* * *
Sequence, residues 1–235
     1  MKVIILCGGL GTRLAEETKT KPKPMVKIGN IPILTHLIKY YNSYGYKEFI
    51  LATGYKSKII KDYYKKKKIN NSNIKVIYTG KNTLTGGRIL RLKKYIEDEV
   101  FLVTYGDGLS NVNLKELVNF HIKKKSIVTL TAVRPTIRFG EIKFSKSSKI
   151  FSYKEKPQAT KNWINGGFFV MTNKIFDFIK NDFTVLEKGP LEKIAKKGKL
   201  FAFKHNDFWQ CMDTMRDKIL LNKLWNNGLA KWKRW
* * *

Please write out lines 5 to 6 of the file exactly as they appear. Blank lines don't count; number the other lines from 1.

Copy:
   151  FSYKEKPQAT KNWINGGFFV MTNKIFDFIK NDFTVLEKGP LEKIAKKGKL
   201  FAFKHNDFWQ CMDTMRDKIL LNKLWNNGLA KWKRW